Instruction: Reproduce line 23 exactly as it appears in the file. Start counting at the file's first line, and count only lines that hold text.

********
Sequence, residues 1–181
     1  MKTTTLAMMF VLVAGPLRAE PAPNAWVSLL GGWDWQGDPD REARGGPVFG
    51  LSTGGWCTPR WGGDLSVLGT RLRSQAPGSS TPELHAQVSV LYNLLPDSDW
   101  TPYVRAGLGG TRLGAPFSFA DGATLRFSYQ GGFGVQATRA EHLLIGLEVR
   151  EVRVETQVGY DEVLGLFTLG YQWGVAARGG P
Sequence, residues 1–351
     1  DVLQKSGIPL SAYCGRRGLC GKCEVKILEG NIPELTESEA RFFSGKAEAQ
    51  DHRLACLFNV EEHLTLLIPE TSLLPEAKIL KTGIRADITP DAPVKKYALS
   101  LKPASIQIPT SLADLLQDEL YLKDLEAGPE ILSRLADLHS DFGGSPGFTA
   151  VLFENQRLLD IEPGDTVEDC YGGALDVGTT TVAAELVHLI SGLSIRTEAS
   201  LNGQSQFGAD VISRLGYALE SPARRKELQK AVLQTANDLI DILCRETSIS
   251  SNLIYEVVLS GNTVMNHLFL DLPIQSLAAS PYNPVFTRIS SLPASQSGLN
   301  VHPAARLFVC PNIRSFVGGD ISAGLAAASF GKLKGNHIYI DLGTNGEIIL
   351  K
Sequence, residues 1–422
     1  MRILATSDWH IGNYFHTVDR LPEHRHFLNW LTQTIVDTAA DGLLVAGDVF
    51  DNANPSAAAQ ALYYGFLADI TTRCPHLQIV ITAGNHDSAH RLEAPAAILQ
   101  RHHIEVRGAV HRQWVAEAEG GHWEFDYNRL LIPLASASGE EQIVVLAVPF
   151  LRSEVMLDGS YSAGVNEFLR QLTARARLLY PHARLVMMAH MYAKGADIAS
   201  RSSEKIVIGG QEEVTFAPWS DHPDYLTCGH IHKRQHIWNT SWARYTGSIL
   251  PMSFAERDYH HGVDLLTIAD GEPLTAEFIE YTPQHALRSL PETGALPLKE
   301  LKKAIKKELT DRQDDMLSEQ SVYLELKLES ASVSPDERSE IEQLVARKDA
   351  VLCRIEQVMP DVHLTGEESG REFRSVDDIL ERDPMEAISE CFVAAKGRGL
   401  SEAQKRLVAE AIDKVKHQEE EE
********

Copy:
   351  VLCRIEQVMP DVHLTGEESG REFRSVDDIL ERDPMEAISE CFVAAKGRGL